Schatz Urges Public, Private Schools to Adopt Test-to-Stay Guidance
To avoid lost learning days, a state lawmaker is urging the Hawaiʻi schools to take on guidance that would allow students who have tested negative for COVID-19 to stay in school despite a confirmed exposure to the virus.
Sen. Brian Schatz sent letters to the Hawai‘i Department of Education, also known as the DOE, and the Association of Independent Schools, also known as the HAIS, calling on them to adopt the Centers for Disease Control and Prevention’s “test-to-stay,” or TTS.
“With this new protocol, we can recoup thousands of days of learning. We have to be as aggressive as possible in preventing learning loss and giving every student an opportunity to learn as much as they can,” said Senator Schatz.
“TTS policies will allow students to stay in school even if they are exposed to COVID-19 thereby minimizing the number of days students would otherwise miss and helping to reduce the learning loss that can occur during traditional quarantine at home,” Schatz wrote in his letters to Hawai‘i Interim Superintendent Keith Hayashi and HAIS Executive Director Philip Bossert. “Initial data from case studies show that schools with TTS policies have similar transmission rates as non-TTS schools.”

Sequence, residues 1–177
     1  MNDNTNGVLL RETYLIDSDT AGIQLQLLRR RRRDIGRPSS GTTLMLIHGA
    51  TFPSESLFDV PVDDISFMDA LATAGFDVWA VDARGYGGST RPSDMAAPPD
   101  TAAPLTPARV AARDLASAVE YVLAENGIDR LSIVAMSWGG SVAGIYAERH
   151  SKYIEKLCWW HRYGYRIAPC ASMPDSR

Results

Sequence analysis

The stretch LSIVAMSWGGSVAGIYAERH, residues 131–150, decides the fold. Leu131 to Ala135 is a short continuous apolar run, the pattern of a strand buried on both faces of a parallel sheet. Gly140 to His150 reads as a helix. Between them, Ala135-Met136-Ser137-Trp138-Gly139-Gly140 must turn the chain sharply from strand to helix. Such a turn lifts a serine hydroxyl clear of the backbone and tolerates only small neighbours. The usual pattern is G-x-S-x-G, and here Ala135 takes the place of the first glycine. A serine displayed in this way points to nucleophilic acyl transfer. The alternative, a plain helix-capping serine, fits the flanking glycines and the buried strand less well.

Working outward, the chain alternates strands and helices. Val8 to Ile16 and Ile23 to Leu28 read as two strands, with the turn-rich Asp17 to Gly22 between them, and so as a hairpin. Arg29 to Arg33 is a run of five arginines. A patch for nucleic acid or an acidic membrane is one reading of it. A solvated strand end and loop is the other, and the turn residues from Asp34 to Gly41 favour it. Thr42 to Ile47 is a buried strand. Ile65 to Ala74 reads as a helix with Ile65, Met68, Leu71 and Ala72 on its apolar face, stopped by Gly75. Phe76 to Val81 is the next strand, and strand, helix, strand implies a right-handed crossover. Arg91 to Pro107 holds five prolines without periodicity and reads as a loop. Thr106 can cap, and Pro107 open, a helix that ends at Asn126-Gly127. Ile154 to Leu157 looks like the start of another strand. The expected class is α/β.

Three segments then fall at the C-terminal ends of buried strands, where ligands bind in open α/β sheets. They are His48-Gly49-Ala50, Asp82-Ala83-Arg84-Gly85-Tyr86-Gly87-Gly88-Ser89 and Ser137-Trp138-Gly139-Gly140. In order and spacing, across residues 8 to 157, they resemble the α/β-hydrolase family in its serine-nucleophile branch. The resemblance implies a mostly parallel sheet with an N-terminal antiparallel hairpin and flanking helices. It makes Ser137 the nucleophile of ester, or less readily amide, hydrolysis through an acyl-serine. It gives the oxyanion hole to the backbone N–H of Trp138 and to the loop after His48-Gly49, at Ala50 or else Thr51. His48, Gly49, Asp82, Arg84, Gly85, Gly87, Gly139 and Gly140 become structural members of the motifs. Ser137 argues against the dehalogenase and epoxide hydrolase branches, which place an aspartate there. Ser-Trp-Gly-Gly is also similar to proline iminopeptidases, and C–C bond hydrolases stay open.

Hayashi told Big Island Now in an email, the district is involved in ongoing discussions with the Department of Health on what a TTS program would like in the public schools with the current resources available, including staffing.
“We fully agree in-person learning is critical to student success and we are committed to finding solutions to minimize disruptions to learning as much as possible while ensuring the overall safety of students and staff,” Hayashi stated.
Big Island Now spoke to Bossert on Tuesday. He confirmed their organization is in favor of TTS.
“I just forwarded Sen. Schatz’s letter to the heads of private school,” he said. “We are in favor of in-person learning.”
Bossert added that he also sent out a letter to the school leadership indicating that with the COVID-19 spike of the omicron virus, they need to remain vigilant with mask-wearing and other CDC guidelines.